cal bill depleted his savings and uprooted him from his prior residence.
Being at Cherith Brook reminds me of what is possible. Four adults live there and oversee the operation, and 2 of
them are married and have raised their children over the last 9 years while living there (their kids started there in third
grade and are now in 11th grade). The group lives “in community”, sharing earnings and resources for the greater good
of the house’s operation and meeting for communal prayers most mornings. They organize rallies, fight for a fair
minimum wage, and look for ways to promote peace and justice in the world.
2 Cherith Brook Catholic Worker Advent 2016

We ALL made it, continued from page 1
Our Walk each year raises money to fight hunger by funding
programs which are sustainable, empower poor people, and
use the talents of people who are helped by the money that
is raised. But the work against hunger, either in the U.S. or in
resource-poor countries throughout the world, can be a very
lonely, frustrating, and disappointing journey if one tries to
do it alone. When I started doing this fundraiser in the Grand
Canyon in 2010, it was literally a lonely walk. I had many sup-
porters who donated, but the experience always seemed like
it needed to be shared with others. After doing this walk by
myself the first 2 years, I realized that I needed a community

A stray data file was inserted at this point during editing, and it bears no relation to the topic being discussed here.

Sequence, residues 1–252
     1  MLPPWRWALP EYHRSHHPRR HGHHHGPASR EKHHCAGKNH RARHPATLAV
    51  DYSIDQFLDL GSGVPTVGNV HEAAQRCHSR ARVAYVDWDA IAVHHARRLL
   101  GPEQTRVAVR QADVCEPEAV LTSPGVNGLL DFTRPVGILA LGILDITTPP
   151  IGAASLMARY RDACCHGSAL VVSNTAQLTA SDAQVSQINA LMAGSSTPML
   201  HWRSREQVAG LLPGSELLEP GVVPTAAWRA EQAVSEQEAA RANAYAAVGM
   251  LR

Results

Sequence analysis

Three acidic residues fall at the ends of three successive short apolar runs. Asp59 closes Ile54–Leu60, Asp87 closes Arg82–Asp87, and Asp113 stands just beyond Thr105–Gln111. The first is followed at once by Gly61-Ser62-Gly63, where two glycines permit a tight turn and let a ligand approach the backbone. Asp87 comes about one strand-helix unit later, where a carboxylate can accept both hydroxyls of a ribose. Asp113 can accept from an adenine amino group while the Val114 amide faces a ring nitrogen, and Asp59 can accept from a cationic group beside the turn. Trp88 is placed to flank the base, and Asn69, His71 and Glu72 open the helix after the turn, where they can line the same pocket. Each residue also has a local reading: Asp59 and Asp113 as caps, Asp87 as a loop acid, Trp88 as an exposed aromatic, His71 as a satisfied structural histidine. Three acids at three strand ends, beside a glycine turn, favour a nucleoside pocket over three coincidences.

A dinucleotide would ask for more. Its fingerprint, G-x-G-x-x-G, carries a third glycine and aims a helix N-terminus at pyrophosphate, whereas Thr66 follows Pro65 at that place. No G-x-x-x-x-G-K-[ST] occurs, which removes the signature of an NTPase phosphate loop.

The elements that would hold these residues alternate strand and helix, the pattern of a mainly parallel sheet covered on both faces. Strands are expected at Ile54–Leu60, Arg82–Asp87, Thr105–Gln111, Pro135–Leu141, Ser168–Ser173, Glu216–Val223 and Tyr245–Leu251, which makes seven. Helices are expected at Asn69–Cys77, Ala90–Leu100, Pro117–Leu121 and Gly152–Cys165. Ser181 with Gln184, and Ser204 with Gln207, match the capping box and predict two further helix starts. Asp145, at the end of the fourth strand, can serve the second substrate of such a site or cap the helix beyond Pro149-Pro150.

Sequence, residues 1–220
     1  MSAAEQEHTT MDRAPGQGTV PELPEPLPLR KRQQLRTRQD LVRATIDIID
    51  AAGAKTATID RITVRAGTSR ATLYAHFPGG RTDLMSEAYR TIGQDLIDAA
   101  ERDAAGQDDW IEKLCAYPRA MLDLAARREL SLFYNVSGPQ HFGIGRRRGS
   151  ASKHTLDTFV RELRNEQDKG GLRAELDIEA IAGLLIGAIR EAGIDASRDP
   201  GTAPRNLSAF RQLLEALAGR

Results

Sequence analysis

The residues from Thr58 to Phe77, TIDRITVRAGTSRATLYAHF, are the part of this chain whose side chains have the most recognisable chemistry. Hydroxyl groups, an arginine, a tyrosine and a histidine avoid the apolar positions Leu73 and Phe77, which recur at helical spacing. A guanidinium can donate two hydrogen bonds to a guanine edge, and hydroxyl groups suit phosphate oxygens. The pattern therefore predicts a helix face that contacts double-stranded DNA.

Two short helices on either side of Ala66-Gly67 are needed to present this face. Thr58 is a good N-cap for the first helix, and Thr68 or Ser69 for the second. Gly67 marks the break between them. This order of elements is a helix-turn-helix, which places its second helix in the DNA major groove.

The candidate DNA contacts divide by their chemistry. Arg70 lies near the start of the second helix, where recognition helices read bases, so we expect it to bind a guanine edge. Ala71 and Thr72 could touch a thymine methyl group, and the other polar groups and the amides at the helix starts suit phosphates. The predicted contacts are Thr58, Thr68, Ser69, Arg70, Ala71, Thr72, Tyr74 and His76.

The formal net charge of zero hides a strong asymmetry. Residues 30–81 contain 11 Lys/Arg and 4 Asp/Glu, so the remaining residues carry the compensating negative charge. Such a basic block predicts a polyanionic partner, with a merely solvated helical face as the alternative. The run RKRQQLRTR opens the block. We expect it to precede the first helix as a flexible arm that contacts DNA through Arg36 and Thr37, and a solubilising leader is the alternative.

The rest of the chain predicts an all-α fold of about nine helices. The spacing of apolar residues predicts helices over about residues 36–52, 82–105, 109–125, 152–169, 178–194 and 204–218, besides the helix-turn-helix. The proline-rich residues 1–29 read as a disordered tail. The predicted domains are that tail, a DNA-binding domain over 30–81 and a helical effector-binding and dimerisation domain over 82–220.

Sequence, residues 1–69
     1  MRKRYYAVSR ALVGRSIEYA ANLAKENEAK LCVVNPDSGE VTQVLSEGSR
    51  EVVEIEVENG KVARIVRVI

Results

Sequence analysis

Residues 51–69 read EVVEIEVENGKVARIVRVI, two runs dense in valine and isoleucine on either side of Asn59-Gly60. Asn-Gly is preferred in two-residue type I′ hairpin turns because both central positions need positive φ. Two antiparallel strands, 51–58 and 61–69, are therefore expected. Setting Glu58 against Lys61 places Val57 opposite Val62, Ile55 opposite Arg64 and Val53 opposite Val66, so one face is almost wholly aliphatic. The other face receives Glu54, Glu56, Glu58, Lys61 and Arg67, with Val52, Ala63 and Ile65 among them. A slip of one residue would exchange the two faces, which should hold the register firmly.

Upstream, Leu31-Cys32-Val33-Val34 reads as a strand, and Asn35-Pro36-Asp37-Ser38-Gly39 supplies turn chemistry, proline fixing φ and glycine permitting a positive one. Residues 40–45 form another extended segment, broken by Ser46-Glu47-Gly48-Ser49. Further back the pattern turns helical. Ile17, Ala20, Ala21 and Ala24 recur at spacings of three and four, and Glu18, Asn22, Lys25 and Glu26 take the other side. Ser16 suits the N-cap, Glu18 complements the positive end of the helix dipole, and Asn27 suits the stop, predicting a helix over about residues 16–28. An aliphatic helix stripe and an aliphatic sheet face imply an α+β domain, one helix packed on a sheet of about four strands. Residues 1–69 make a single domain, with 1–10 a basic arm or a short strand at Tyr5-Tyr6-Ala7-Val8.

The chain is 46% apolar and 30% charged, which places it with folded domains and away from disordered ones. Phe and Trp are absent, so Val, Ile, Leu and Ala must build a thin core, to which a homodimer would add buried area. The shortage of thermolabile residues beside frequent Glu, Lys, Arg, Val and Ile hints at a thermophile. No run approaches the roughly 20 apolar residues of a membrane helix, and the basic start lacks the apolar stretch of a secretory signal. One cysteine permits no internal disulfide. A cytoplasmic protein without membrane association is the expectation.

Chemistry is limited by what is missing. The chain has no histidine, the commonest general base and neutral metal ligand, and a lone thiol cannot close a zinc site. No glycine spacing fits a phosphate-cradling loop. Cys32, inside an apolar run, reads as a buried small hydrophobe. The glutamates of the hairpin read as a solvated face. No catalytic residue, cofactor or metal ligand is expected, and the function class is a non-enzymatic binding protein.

and companionship to sustain the vision of what we sought out
to accomplish. As is the case at Cherith Brook, the goal is not
simply about raising money against hunger in our walk, it is to
build community and loving friendships so that we can togeth-
er walk and take a stand against hunger. And in the process of
having others join in this trek (as a hiker or a supporter), we
have each found that our Walk every October is a time to cel-
ebrate our willingness to take a stand and say, unequivocally,
that hunger anywhere is unacceptable and not immutable. Paul and family join us regularly on Thursdays for our community meal

But we should not be content with just this walk. We need to be courageous
and challenge what makes people hungry. As the late Catholic archbishop Dom
Helda Camara once said, “When I gave food to the hungry, they called me a
saint. But, when I asked why they were hungry, they called me a communist.”
Each of us needs to determine what actions are courageous for them. It may
be fighting for a livable minimum wage or affordable mixed income housing
development in US cities to reduce gentrification. It might mean writing letters
to Congress through the non-profit faith-based group, Bread for the World. It
might mean working on health insurance policy, regardless of whether one is
a republican, democrat, or independent. It might mean working to target US
foreign aid to organizations with a track record for developing sustainable and
grassroots solutions to hunger and poverty. It might even mean demonstrating
for what one believes will promote justice and peace in the world, even at the
risk of imprisonment. But we can all start somewhere, anywhere. And if you
We’ve been fortunate recently to have young volunteers from Rockhurst High do it in community with others, you will find support, moral encouragement,